As for trails, anytime you are following a well-worn trail, that means you are moving to a high percentage spot that a lot of anglers know about. The trails on the Cowichan and Stamp come to mind. On the Stamp, for instance, downstream of Money’s Pool, there is more than one track. You go down, as close to the water as possible. The river breaks into boulders, and rock is fishy steelhead water. On the other hand, boulder water is hard on the feet, and awkward wading.
A bit less than a mile down, at Black Rock, the river bears to the left. You fish down a ways, then find the second path back up. It cuts the corner off, and runs through the trees up a side slope back to Money’s. As mentioned, it takes years to find all the paths on rivers you intend to know well and fish often.
Another trail issue is one you use often, but don’t want others to know of it. One essential vest tool is a pair of pruning snippers that fit in a side pocket. You leave the first 50 feet of the trail unclipped, then start clipping growth, which grows back every year, hence the need for clippers. The unclipped portion conceals that there is a good, useful path beyond, and makes it look like no one has used the spot, hence it can’t be good.
I have a few that are as long as three miles. I am left handed, so I carry the clippers in this hand and cut the left-side branches on the way out. On the way back, clippers still in my left hand, I clip off the growth on the other side of the trail; that may add up to as many as 300 in a day, and so it doesn’t take using the path more than a few times and you have taken a thousand twigs out of your face.
Another useful thing to remember, is that you continue walking at all times. Don’t stop to cut off a branch, just take them in stride. If you miss them one day, you will catch them another, and still have gotten to the water you intend to fish before anyone else gets there, and with time in the bank for reaching those second and third bet waters in the same day.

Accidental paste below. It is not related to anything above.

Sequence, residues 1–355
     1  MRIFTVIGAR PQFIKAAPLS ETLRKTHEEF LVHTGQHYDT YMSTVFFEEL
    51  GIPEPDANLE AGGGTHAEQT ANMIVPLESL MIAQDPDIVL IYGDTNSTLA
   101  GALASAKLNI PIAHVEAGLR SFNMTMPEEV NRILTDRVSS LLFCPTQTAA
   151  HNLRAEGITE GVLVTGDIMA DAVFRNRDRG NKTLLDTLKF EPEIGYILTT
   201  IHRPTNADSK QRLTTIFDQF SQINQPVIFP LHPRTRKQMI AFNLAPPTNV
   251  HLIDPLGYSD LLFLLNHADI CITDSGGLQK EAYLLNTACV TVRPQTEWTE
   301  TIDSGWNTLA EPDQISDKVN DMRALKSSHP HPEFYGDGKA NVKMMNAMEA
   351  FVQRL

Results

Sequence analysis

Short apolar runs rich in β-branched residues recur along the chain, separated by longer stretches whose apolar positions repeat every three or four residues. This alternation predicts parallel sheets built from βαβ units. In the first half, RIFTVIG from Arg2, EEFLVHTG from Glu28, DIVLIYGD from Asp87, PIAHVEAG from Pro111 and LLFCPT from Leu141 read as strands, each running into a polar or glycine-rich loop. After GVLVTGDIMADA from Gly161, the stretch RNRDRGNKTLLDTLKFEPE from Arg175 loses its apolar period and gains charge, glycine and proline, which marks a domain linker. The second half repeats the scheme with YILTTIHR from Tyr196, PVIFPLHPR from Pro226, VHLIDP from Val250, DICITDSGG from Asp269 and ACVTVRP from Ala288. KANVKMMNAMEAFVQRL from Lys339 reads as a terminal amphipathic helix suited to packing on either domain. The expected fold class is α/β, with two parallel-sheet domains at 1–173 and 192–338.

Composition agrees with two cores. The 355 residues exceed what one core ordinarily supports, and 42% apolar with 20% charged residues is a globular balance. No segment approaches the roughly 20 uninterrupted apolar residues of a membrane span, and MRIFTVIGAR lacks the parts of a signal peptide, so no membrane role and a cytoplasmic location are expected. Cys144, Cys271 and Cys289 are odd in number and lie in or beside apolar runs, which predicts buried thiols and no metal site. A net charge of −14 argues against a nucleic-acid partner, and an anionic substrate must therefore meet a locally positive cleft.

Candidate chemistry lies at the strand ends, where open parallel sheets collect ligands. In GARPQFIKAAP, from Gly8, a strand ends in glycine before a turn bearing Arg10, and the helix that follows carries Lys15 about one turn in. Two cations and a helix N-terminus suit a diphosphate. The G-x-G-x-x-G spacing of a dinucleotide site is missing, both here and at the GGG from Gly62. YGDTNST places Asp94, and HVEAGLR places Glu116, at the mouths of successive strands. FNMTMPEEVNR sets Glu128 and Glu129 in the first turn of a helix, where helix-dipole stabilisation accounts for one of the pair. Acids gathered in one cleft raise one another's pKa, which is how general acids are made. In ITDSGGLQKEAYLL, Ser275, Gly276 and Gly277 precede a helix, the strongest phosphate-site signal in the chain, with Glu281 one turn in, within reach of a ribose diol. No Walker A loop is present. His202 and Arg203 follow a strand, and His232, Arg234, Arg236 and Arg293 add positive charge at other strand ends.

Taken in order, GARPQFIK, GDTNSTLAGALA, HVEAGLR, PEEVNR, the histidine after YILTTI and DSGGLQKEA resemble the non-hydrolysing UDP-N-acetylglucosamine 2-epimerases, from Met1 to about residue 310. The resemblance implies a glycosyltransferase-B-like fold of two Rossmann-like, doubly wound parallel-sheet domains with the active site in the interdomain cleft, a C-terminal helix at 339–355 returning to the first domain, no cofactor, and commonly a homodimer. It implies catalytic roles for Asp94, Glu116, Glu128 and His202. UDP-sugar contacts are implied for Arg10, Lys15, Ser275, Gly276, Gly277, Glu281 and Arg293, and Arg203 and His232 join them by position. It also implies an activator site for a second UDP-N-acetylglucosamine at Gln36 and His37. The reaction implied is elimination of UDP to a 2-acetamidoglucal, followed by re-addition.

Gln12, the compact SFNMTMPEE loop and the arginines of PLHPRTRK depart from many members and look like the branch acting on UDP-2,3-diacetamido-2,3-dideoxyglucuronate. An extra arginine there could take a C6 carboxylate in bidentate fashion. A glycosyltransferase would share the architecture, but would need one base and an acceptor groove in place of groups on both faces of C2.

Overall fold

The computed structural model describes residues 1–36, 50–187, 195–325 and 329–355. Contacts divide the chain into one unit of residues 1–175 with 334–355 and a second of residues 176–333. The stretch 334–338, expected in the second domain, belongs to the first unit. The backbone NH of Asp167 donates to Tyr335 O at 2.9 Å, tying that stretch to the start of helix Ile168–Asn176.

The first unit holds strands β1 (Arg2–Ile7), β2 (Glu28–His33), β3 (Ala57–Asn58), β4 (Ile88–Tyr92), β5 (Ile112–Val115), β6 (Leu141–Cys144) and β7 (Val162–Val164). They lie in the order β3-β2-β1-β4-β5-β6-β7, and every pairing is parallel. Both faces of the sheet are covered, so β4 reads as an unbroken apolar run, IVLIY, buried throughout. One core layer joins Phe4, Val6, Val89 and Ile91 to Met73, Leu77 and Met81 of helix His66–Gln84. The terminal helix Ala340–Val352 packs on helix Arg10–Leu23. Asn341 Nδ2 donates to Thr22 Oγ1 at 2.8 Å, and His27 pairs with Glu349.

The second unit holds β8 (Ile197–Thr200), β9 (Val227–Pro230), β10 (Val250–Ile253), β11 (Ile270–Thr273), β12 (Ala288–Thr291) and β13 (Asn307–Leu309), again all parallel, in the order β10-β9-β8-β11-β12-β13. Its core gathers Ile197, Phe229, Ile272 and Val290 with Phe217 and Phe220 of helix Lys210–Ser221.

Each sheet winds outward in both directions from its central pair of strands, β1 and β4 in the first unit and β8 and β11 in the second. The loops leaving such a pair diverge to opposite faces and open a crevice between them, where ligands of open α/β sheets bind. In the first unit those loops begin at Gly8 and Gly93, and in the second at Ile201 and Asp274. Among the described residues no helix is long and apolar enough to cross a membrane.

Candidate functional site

Yet another tip is that you should, over time, investigate all seasonal streams that you pass while walking on a trail. That means on the way back – don’t waste time on the way out – you walk down the stream to where it enters the river you have been fishing. Thus, you know a shortcut to a certain stretch for when the water is too high to wade down the river and can get to high percentage water, that very few other anglers ever get to.
One final thing: pick up one of those hats that have LED lights in the front brim, make sure the batteries are charged, and wear it on days you will start or end in dark. This commonly happens in the fall, as the days get shorter. The lights keep you from tripping over something and falling, something that can be a bad thing, particularly if there is a broken off branch below you that is hidden in the fern but pointing up at you. You can be impaled in a split second.
Okay, one more final thing: get to know your river, as sometimes, it does not pay to fish a stretch early, particularly in summer. When water is dead calm or before the caddis and mayflies start hatching, which is based on temperature, they will bite less frequently than when a wind has set up to ruffle the water, or the higher temperature has brought fish out in search of food.
Okay, yet another tip: you fly guys should get to know the cycle of insects in your river. Mosquitos and no-see-ums are munching on your arms and face in March, the moment you get out of the car (carry bug spray for this time of year). In your river, caddis-, may-, damsel- and stone-fly hatch at different times. I’ve seen mayflies in January, though that is uncommon. When you see flying insects, your chances with dry flies are higher. But through-out the season, take a look at the nymphs on the gravel and rocks. They tell you what to match.
And remember that those stonefly nymphs can be deadly because they are the largest nymph you will carry, and in a current, the easier a nymph is to see in the split second it goes by at fish, the greater the likelihood it will get a bite. Note that typically by early September that all the nymphs may be gone and thus there is no point fishing with them. Time to switch to bright, generic flies like marabou Popsicles or fish for salmon.
More next time.